Few companies have tapped the Fed's Main Street program
WASHINGTON — The Main Street Lending Program made just $95 million of loans in its first month of operation, the Federal Reserve Board said Thursday.
That is a far cry from the $600 billion allocated by Congress, through the Fed and the Treasury Department, to the rescue program for small and midsize businesses.
Fed Chair Jerome Powell has been candid that the program, which was aimed at helping companies with up to 15,000 employees stay afloat during the coronavirus pandemic, has gotten off to a lackluster start. He told Congress in June that the banks registered as lenders in the program weren’t “getting a ton of interest from borrowers.”
The Fed said two of the program's three arms — the new loan and priority loan facilities — had purchased eight loans worth $77 million in the first three weeks of operation, from July 6 to July 27.
The remaining $18 million of loans were apparently made by lenders and purchased by the program between from July 28 through Aug. 5.
The Main Street New Loan Facility issues loans up to $35 million, and the Main Street Priority Loan Facility issues loans up to $50 million. The Main Street Expanded Loan Facility allows banks to expand existing loans to borrowers up to $300 million. The expanded facility had not purchased any loans as of July 27.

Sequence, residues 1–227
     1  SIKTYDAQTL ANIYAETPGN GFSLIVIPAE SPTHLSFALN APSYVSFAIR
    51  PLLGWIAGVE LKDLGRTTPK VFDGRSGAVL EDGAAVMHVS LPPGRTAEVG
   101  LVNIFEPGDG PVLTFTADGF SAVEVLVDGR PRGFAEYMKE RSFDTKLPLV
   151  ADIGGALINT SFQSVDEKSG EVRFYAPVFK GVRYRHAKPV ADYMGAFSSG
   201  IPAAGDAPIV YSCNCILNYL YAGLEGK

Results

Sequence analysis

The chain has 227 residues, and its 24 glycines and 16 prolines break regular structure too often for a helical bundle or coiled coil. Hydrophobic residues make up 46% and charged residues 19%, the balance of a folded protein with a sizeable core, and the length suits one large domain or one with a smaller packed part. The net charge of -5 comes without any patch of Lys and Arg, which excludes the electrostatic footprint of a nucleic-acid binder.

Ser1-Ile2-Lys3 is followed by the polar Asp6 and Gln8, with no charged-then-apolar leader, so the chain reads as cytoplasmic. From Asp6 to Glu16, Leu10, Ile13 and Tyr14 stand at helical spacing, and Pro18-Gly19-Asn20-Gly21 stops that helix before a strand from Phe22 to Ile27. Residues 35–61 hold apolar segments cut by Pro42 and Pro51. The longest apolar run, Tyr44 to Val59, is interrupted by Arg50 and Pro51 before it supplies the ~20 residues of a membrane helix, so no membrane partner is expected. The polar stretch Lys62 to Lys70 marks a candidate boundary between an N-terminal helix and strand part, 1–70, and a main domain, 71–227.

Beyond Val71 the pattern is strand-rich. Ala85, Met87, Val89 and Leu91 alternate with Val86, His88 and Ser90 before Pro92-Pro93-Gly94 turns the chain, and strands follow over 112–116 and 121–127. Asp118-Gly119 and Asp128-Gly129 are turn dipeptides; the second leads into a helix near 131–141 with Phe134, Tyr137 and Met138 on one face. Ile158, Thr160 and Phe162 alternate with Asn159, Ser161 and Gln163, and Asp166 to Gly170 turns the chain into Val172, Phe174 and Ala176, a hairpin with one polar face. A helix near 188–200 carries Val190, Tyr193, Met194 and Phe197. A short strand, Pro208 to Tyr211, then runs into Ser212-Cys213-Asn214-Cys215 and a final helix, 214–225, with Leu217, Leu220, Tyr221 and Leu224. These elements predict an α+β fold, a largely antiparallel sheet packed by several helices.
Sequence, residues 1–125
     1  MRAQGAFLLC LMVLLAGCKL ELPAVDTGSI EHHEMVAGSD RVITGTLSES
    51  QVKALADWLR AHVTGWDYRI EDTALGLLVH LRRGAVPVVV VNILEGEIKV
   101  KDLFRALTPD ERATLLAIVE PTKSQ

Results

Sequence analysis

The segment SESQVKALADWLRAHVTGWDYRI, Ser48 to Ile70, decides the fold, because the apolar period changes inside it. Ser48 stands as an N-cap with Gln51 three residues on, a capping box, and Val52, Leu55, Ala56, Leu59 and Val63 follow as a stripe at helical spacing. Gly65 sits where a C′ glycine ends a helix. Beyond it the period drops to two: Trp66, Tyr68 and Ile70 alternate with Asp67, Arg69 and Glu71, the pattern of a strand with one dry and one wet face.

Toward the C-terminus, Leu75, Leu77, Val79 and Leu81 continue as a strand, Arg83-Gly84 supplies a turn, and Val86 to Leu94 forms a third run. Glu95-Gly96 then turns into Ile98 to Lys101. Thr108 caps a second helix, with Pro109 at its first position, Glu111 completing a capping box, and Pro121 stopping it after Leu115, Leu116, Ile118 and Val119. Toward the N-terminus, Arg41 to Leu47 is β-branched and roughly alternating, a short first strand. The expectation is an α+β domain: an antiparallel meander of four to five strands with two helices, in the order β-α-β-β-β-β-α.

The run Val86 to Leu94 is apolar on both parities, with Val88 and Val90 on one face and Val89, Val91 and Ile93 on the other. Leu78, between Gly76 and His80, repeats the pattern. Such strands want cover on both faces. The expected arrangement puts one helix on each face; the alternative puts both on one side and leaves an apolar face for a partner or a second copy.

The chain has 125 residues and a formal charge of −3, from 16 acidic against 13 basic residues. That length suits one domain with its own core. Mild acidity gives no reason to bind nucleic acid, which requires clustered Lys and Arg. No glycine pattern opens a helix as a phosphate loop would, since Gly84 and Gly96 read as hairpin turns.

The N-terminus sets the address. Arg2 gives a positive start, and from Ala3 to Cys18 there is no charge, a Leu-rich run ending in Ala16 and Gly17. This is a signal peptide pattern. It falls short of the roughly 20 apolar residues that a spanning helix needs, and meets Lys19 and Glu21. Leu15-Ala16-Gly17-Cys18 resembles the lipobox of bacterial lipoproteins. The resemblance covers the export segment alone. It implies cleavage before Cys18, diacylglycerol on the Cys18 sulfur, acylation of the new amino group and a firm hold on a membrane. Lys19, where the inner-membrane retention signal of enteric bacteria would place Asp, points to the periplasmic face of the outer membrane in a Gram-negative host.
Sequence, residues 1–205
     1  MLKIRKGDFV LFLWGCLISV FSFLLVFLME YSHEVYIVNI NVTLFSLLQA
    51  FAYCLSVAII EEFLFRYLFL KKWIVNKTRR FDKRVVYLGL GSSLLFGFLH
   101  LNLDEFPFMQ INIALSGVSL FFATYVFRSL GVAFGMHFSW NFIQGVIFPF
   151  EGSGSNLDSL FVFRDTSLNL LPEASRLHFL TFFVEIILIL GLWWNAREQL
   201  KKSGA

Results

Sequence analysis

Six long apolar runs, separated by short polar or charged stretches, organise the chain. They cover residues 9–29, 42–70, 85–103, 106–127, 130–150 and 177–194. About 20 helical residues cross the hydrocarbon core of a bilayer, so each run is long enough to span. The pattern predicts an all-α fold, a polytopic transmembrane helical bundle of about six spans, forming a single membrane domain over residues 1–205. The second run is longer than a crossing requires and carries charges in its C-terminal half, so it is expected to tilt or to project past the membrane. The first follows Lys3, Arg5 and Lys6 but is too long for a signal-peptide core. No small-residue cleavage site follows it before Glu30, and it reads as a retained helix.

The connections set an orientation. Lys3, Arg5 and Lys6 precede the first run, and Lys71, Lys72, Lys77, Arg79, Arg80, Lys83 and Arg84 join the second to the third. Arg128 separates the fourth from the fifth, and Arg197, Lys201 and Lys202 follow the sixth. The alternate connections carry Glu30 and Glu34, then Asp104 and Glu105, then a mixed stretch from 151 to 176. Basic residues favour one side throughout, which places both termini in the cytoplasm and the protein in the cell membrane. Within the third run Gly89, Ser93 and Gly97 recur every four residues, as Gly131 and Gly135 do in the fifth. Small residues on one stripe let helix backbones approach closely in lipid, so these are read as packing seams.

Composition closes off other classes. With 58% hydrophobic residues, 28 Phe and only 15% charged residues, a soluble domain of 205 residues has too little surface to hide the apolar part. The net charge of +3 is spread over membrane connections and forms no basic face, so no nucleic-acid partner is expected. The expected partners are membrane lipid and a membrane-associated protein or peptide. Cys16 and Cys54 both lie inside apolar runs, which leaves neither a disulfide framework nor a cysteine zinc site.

According to data published Thursday by the Fed, the eight businesses that had taken advantage of the program as of July 27 included a dental office in Wisconsin, a construction company in Fort Lauderdale, Fla., a casino in Pennsylvania and a refrigeration company in Pembroke Pines, Fla.
Six of the eight loans were made through City National Bank of Florida, which is based in Miami.
The largest loan by far was made to Mount Airy #1 LLC in Mount Pocono, Pa., which runs the Mount Airy Casino Resort. FNCB Bank in Dunmore extended a $50 million loan to the company on July 13, which the Fed’s special-purpose vehicle purchased a 95% participation in on July 24.
The Main Street Lending Program, which was established using funding from the Coronavirus Aid, Relief and Economic Security Act, is offering loans of at least $250,000 to qualifying businesses with up to 15,000 employees or $5 billion in annual revenue.
Though the Fed has said the interest on behalf of lenders is “substantial,” bankers have reported that customers are not clamoring for the loans. One reason is that many smaller businesses don’t qualify: the maximum loan amount is partially determined by a borrower’s earnings before interest, tax, depreciation and amortization, and for small businesses, that number is often lower than the minimum loan amount of $250,000.
Powell acknowledged the lack of interest in a press conference last week, after the central bank announced it would extend the life of seven of its emergency lending facilities through the end of 2020.
“We haven't done as much lending as we thought,” he said, but he added that “it's important that the facilities stay in place until we're very confident that that the turmoil from the pandemic and the economic fallout are behind us.”